Not trying to record the next college radio hit here, - Ha, I'd like to think I'm doing that, but I clearly understand that I'm simply just getting some humble & home brewed musical idea's saved for instant replay, development, remix, and demonstration purposes.

    About the "No latency" comment.. Let me clarify..

    What I meant, or should have said is... ''no *detectable to my laymans ear* latency" (beyond a typical guitar-effects-amplifier setup).

    I understand to a reasonable level, the physical / mathmatical and acoustical properties of Latency, and how it applies to recording through a PC. I also have a basic but useful understanding of PC hardware and software.

    What I meant was.. I can plug in my guitar, and jam, and then hit record, and have no problems hearing what I play with no more latency in the sound from plucking a note, to that note's sound registering to my brain. No different than my regular guitar amp.
    Thus, I find it pretty easy to get my primitive musical idea's recorded, from guitars, keys and drum machines.
    For example, when I have a drum track playing, I don't have to make any adjustments at all in my playing.. I can record onto another track and upon replay, it's all exactly as I played it/ heard it.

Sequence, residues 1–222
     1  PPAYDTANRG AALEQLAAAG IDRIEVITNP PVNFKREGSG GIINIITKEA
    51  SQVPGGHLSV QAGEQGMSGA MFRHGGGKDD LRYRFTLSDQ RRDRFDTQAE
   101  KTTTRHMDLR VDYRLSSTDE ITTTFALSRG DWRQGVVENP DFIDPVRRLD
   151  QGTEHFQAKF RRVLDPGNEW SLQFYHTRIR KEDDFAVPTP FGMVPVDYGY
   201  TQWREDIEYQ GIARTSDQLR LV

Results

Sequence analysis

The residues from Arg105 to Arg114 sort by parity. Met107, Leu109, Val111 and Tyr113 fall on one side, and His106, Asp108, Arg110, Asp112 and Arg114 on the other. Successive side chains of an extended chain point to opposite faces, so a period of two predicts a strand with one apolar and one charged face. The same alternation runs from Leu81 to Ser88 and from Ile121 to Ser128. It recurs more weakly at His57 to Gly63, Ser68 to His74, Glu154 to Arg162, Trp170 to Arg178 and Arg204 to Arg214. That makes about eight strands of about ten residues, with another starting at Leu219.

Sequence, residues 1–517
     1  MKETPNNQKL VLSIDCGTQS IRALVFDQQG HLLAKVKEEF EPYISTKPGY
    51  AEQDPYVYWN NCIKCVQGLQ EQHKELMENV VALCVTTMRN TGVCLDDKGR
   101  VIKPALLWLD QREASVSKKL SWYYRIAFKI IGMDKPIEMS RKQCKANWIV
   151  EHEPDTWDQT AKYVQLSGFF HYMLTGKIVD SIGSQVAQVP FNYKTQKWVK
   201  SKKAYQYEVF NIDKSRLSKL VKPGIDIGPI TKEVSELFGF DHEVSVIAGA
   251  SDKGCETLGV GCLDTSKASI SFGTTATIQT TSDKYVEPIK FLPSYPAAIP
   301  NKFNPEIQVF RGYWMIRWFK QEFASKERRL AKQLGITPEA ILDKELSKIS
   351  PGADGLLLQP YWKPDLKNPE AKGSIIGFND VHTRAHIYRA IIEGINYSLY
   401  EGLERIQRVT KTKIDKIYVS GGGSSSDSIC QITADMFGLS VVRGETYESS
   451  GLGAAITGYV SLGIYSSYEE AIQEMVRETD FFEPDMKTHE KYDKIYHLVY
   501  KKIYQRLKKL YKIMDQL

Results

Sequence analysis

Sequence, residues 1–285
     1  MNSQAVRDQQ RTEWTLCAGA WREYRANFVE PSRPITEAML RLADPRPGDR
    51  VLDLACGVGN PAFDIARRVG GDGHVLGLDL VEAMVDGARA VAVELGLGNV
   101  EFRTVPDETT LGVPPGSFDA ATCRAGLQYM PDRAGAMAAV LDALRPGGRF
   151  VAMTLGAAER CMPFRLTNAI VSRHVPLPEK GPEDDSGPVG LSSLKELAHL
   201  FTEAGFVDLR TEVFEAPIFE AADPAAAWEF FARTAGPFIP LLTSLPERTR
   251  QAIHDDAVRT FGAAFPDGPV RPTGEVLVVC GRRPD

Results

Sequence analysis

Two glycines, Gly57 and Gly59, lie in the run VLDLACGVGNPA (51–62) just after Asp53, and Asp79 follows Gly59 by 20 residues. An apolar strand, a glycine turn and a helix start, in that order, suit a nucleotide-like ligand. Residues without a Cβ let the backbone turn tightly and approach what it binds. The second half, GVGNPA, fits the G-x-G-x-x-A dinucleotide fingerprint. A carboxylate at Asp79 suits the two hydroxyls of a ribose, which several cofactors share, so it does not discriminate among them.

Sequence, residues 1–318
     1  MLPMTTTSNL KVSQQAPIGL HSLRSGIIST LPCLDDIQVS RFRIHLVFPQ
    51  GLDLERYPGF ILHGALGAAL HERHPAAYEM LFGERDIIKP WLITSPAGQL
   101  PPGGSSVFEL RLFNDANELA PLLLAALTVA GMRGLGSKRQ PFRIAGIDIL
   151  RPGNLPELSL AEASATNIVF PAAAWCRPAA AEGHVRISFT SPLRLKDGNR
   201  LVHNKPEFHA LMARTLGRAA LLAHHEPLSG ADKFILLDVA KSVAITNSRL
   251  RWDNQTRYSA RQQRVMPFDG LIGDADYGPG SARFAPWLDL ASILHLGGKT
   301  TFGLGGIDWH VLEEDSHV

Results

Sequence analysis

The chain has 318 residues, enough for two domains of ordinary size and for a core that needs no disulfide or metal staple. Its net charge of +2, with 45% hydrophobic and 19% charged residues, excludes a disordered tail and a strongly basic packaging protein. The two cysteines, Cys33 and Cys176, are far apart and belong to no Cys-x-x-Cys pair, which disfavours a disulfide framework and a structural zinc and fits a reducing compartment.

As opposed to when I tried my to use my XP powered laptop with 512 ram. That had a very detectable (to my ear) and annoying delay in the sound. To say what I know about it all in a few simple sentence's: this is due to a change in how windows processes input's. A change made after win98.

    The only other person I've ever talked to so-far, about home recording, made a big deal about 'latency' and all the things he was doing to manage it.. so that made me feel it was something to mention here in my introduction..


    So a little bit more about me. I'm 40 years old. I'm from Western NY. Rochester, to be exact. I've been playing guitar, like millions of others, since I was 16 or so.
    I'm really into music, and lately study theory constantly, but it was only in the last 2 years that I got into theory. I just like to always evolve as a musician.

    I began recording musical idea's on and off, in a very casual home setting, a few years back. I aspire to make things I can share with other musicians. Or at best a demo, needing a professional make-over.

    Why did I come here?